Writing about web page http://blogs.warwick.ac.uk/warwick4000/gallery/highways_waymarkers/
The Warwick 4000 weblog now also hosts a gallery of images relating to historical waymarkers in the Kenilworth Road area. The following is an introduction to this subject, by Jan Scrine of the Milestone Society.
A Brief History of Roads & Waymarkers
The Romans laid good metalled roads to move soldiers and supplies quickly across their Empire; they measured distance to aid timing and efficiency, marking every thousandth double-step with a large cylindrical stone. The Latin for thousand was ‘mille’ and the distance was 1618 yards; the eventual British standard mile was 1760 yards, although ‘long’ miles also existed into the 19th century. Some stones were inscribed with distances or dedications. Most of the 117 that still survive are in museums.
After Roman times, roads developed to meet local community needs: in 1555, an Act of Parliament made local parishes (or often townships in the North) responsible for their upkeep and in 1667, the Justices were ordered to erect guide-posts at cross highways and on the moors.
At this time, travel by road was slow and difficult. The sunken lanes became quagmires in wet weather and occasionally both horses and riders were drowned. It took 16 days to cover the 400 miles from London to Edinburgh. So Turnpike Trusts were set up, by Acts of Parliament, from 1706 to the 1840s. Groups of local worthies raised money to build stretches of road and then charged the users tolls to pay for it – just like the ‘M6 Toll’ today. The name comes from the spiked barrier at the Toll Gate, Bar or Booth. The poor bitterly resented having to pay to use the roads and there were anti-turnpike riots.
The Kenilworth Road, from Coventry to Warwick via Kenilworth, was turnpiked in 1775: a branch went through Stivichall towards Stoneleigh and thence to Warwick. There was a toll house at this point, near the park entrance today.
From 1767, mileposts were compulsory on all turnpikes, not only to inform travellers of direction and distances, but to help coaches keep to schedule and for charging for changes of horses at the coaching inns. The distances were also used to calculate postal charges before the uniform postal rate was introduced in 1840.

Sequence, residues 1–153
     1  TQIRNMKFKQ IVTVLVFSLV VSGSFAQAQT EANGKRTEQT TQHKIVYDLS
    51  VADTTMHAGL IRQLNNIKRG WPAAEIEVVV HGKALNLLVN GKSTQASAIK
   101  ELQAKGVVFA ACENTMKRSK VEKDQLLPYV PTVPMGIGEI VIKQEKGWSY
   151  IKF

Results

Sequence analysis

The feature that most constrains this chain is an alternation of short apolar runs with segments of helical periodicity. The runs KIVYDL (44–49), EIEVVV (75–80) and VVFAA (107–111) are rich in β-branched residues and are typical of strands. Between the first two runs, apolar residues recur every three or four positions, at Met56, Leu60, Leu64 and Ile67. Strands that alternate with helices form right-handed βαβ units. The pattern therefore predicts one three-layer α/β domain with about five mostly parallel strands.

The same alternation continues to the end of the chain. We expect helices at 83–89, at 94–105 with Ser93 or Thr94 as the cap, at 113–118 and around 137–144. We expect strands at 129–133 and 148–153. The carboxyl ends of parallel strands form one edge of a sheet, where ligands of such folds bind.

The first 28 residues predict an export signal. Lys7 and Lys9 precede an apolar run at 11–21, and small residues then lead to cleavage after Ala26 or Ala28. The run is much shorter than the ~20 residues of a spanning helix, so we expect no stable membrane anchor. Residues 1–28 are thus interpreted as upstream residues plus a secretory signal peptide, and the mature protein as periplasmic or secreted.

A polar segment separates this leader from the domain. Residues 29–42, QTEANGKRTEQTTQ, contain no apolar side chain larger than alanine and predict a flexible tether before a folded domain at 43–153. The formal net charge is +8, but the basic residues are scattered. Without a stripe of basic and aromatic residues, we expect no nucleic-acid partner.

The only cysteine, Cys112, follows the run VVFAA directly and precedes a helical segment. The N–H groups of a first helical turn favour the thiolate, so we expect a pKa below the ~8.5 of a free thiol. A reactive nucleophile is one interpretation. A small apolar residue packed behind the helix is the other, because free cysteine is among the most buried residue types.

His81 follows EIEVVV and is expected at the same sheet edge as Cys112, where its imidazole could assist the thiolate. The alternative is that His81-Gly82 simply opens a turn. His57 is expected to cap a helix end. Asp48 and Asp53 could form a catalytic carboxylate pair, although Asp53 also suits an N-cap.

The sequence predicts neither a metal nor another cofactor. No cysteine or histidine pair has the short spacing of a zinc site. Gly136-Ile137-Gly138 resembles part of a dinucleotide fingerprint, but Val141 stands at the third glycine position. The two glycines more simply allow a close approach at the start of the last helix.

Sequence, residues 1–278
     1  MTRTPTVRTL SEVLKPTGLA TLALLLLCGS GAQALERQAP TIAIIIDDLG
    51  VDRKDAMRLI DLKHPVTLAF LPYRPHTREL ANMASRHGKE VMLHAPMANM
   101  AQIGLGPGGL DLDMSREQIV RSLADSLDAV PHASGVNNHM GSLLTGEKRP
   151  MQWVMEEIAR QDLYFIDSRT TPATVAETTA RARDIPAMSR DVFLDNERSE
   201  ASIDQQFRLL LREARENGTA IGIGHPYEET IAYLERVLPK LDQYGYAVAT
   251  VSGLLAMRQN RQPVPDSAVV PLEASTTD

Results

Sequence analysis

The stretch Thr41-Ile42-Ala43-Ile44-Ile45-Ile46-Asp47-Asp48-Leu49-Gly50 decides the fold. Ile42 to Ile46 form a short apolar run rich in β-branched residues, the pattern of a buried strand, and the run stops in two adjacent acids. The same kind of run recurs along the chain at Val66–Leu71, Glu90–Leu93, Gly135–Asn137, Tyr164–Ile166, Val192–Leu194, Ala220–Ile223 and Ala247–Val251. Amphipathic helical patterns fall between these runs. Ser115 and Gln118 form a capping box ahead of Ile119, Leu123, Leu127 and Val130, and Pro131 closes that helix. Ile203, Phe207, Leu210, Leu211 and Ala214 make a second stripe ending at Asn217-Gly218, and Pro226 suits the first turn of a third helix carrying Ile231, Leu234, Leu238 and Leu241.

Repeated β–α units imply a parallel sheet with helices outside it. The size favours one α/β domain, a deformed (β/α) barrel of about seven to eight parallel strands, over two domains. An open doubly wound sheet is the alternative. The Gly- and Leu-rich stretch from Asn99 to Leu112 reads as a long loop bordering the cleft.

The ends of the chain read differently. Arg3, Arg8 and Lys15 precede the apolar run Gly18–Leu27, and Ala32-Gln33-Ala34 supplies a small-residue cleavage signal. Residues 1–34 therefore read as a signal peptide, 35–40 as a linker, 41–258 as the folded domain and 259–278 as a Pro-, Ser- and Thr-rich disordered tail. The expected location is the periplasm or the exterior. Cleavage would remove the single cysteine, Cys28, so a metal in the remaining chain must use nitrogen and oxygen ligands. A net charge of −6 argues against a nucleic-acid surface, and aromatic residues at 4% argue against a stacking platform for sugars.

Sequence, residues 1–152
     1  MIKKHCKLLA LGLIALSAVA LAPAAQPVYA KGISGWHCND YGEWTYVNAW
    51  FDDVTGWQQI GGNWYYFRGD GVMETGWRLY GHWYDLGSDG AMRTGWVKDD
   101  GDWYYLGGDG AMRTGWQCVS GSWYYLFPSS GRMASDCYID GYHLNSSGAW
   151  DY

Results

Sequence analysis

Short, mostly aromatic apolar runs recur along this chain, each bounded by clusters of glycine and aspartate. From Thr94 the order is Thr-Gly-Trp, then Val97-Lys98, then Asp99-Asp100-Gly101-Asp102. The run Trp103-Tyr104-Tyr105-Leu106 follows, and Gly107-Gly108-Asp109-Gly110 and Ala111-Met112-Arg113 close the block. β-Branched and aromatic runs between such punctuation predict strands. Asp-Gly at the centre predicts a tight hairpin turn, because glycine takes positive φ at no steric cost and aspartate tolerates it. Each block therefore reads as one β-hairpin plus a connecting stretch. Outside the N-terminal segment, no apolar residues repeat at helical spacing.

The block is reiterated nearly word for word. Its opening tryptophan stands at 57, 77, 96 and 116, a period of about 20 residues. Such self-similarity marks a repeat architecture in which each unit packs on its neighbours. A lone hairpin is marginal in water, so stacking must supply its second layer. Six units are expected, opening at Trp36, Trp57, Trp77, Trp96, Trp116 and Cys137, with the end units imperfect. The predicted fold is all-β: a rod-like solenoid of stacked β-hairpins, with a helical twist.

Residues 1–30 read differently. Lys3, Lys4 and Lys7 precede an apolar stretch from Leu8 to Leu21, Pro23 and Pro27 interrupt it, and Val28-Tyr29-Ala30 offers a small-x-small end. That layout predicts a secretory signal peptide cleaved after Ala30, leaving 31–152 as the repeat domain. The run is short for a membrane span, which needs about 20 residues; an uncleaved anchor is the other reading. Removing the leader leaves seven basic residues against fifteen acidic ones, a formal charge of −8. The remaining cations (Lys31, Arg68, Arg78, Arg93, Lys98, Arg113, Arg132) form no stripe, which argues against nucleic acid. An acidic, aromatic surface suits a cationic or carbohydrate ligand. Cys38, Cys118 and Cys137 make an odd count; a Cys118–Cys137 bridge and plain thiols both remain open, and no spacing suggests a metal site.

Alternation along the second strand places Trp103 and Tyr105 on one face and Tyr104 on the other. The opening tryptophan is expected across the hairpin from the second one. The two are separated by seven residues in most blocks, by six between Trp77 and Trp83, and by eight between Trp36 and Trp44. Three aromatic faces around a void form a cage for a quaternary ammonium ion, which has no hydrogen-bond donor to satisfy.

‘Milestone’ is a generic term, including mileposts made of cast iron. The ones on the Kenilworth road had sandstone backs and a cast iron plate giving the distances. At the height of the turnpike era, there were 20,000 miles of roads with milestones.
From the 1840s, rail travel superseded roads and many turnpike trusts were wound up. In 1888, the new County Councils were given responsibility for main roads and rural district councils for minor routes. As faster motorised transport developed, the importance of milestones waned.
Milestones are fast disappearing; some 9000 are thought to survive in the UK. Some were removed or defaced in World War II to baffle German invaders. Many more have been demolished as roads have been widened, or have been victims of collision damage, or have been smashed by hedge-cutter or flails.
The Milestone Society was established in 2001 to record milestone data, to research their history and to raise public awareness of the need for appropriate restoration or conservation. The Society promotes care of the environment and distinctive local heritage through national and county meetings, newsletters and other publications, including conservation guidance.
For more information, see www.milestone-society.co.uk
Mervyn Benford Milestones (Princes Risborough: Shire Publications Ltd., 2002)